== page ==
How to Fight Back Against Cyberbullies

Bullies used to just corner you on the playground, push you in a locker, or spread unbelievable rumors about you. Today they take their power trips online, where they can do some real – and lasting – damage. Parents struggling to help their kids deal with cyberbullies are at one huge disadvantage: no one cyberbullied them – it wasn’t a thing back then, so how can you know what it’s like?

Cyberbullying is particularly insidious because it lingers online for a long time and because the anonymity of the Internet coaxes vicious responses from the bullies and their online gangs. Complicating matters further, kids live and die by their online personalities, they are as important (or more important) than who they are offline, so cyberbullies can have a devastating effect on a kid’s budding social life.

Identify Your Bully

Know who your bully is in real life. Targets of localized cyberbullies will usually know who it is – some other kid in class, or a punk that lives in the neighborhood. But a lot of time the attacks from someone online – someone hiding behind a profile or handle on a forum or website.

You should try to get the person’s email address. If you can, you can put it into a reverse lookup search engine and see who they really are. You can even get their home address. You can find an email address on their profile, usually, or you can create a fake identity and try to coax it out of them.

If someone is harassing you on social media, it’s even easier to find them. Take their name and general location and plug it into the same reverse lookup engine – you’ll be shocked at how fast you can pinpoint just who the bully is in real life.

Block Your Bully, Block Their Friends

Most social media platforms, websites and other online services have great ways to block abusive users. Report the bully and all of their friends, and block them. They may retaliate, calling you or your child a coward for running away, but if you’re out of sight you are out of mind. The bully will forget about you and move on. If you can’t ID your bully, this may be the best option you’ve got to keep your peace of mind online.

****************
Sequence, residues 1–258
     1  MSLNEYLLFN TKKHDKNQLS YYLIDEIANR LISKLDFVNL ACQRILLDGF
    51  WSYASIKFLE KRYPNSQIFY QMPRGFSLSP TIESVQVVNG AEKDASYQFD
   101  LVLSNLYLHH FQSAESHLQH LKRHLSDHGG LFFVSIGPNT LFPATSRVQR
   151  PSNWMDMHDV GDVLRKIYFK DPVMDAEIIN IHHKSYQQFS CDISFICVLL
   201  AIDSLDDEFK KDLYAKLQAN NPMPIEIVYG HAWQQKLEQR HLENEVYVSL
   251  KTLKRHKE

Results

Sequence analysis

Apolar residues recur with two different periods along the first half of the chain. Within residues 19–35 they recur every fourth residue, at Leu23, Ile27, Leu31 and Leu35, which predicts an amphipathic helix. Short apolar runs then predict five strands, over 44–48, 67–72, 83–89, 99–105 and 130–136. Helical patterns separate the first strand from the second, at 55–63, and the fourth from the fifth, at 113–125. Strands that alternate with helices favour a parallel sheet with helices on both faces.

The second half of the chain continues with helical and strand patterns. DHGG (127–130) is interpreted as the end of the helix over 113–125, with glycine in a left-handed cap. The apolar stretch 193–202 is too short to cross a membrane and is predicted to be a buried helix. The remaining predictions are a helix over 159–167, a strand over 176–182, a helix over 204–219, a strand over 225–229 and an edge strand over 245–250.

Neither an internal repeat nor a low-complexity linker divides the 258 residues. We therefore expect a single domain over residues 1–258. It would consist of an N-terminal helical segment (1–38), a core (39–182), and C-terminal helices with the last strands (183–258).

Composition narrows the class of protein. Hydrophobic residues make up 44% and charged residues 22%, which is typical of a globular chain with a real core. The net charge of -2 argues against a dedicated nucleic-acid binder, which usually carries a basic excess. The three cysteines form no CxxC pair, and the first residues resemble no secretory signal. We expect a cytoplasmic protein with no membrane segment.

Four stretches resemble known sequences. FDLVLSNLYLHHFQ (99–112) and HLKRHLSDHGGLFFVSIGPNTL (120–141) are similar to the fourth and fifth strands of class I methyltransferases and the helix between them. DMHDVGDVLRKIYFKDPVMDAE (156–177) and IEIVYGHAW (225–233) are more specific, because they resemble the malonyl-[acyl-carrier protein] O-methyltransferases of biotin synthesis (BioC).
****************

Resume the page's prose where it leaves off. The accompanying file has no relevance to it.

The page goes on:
Take Your Personal Information Offline

Take all of your personal information offline. Don’t list your hobbies, family members, address or other personal info on your social media profiles or other online profiles. The less info a bully has to use against you, the less powerful they’ll be. This is also a good idea to protect you from real predators that are out there and keeps your privacy intact.

Make Internet Security a Priority

Make sure you’re logging out of accounts, changing passwords regularly and using secure browsers. Don’t leave browsing histories on public computers, don’t share passwords and use general common sense to keep your sensitive info under lock and key. Bullies love to hack into social media accounts, steal photos, friend lists and find incriminating info.

Fight Them in Court

Want to take the fight to the bully? Sue them. Report them to the police, the FBI, or other authorities. Schools are typically ineffective at responding to cyberbullies, but law enforcement may take it more seriously especially if there’s a possibility the bully is part of a terrorist group or is planning violent action like a school shooting.

Contact an attorney and hire your own, legal, bully. See if there’s a case for a lawsuit. Dragging a bully or their family through the expense and hassle of a lawsuit will teach them a lesson.

Cyberbullies shrivel and fade away when you shine the flashlight on them. Finding out who they are, posting it online and fighting back by reporting them or even suing them will help you end the problem.